Steyn-Ross, M. L., Steyn-Ross, D. A., Sleigh, J. W. & Wilcocks, L. C. (2001). Toward a theory of the general-anesthetic-induced phase transition of the cerebral cortex. I. A thermodynamics analogy. Physical Review E, 64(1), 011917.
Permanent Research Commons link: http://hdl.handle.net/10289/1425
In a recent paper the authors developed a stochastic model for the response of the cerebral cortex to a general anesthetic agent. The model predicted that there would be an anesthetic-induced phase change at the point of transition into unconsciousness, manifested as a divergence in the electroencephalogram spectral power, and a change in spectral energy distribution from being relatively broadband in the conscious state to being strongly biased towards much lower frequencies in the unconscious state. Both predictions have been verified in recent clinical measurements. In the present paper we extend the model by calculating the equilibrium distribution function for the cortex, allowing us to establish a correspondence between the cortical phase transition and the more familiar thermodynamic phase transitions. This correspondence is achieved by first identifying a cortical free energy function, then by postulating that there exists an inverse relationship between an anesthetic effect and a quantity we define as cortical excitability, which plays a role analogous to temperature in thermodynamic phase transitions. We follow standard thermodynamic theory to compute a cortical entropy and a cortical “heat capacity,” and we investigate how these will vary with anesthetic concentration. The significant result is the prediction that the entropy will decrease discontinuously at the moment of induction into unconsciousness, concomitant with a release of “latent heat” which should manifest as a divergence in the analogous heat capacity. There is clear clinical evidence of heat capacity divergence in historical anesthetic-effect measurements performed in 1977 by Stullken et al. [Anesthesiology 46, 28 (1977)]. The discontinuous step change in cortical entropy suggests that the cortical phase transition is analogous to a first-order thermodynamic transition in which the comatose-quiescent state is strongly ordered, while the active cortical state is relatively disordered.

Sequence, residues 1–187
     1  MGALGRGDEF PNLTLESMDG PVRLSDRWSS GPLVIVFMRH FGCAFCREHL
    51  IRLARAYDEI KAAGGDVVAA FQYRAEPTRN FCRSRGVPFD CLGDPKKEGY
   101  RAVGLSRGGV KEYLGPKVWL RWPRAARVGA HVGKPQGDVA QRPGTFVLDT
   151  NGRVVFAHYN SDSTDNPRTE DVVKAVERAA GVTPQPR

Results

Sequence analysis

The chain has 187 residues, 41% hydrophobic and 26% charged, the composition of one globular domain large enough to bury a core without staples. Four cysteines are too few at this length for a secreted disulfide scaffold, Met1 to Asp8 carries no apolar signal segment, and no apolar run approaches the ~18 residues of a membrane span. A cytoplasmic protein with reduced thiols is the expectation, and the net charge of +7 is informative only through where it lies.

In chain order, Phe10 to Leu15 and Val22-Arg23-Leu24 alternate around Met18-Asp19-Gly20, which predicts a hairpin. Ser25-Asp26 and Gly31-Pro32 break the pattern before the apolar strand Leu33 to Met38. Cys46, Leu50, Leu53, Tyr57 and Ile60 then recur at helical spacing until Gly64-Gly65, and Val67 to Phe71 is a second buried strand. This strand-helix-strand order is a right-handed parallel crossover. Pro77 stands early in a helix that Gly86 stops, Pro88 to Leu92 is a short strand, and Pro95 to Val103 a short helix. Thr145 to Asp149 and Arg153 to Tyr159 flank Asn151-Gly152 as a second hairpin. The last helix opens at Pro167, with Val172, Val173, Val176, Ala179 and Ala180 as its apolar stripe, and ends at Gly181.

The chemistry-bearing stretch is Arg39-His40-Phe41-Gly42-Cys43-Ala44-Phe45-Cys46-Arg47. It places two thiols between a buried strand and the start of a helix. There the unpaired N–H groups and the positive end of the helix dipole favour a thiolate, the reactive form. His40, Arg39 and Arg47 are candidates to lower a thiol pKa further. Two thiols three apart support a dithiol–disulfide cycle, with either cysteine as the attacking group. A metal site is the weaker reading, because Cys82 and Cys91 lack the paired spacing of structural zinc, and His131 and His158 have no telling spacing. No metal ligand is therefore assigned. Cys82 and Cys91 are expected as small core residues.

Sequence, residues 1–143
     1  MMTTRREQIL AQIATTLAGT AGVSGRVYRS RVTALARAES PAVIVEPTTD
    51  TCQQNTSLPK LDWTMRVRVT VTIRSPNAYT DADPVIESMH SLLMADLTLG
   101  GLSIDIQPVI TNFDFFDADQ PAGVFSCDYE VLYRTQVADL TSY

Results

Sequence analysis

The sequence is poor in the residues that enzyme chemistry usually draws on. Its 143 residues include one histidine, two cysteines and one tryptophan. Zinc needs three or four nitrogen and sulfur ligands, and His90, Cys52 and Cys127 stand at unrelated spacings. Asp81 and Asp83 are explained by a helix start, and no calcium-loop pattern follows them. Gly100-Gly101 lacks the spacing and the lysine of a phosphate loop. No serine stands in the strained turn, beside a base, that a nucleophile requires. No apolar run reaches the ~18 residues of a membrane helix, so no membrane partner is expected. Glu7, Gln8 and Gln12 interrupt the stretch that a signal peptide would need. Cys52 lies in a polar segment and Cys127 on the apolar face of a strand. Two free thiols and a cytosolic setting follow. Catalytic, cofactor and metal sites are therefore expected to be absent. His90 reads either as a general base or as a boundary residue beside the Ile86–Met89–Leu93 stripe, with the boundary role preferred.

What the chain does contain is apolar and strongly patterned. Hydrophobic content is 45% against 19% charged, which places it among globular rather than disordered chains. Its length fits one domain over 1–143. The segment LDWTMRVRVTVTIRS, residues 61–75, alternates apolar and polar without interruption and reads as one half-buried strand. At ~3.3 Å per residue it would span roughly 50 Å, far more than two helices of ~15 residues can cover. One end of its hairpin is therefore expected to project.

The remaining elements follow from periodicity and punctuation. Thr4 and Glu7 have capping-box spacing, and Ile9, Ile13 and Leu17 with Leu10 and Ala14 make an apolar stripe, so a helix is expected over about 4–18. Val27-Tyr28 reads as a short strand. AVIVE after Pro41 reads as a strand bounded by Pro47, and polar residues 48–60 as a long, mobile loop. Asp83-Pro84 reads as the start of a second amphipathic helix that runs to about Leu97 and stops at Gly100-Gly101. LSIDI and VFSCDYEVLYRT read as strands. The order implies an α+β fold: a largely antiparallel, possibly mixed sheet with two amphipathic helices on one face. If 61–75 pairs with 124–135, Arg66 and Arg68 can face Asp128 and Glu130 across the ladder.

American Physical Society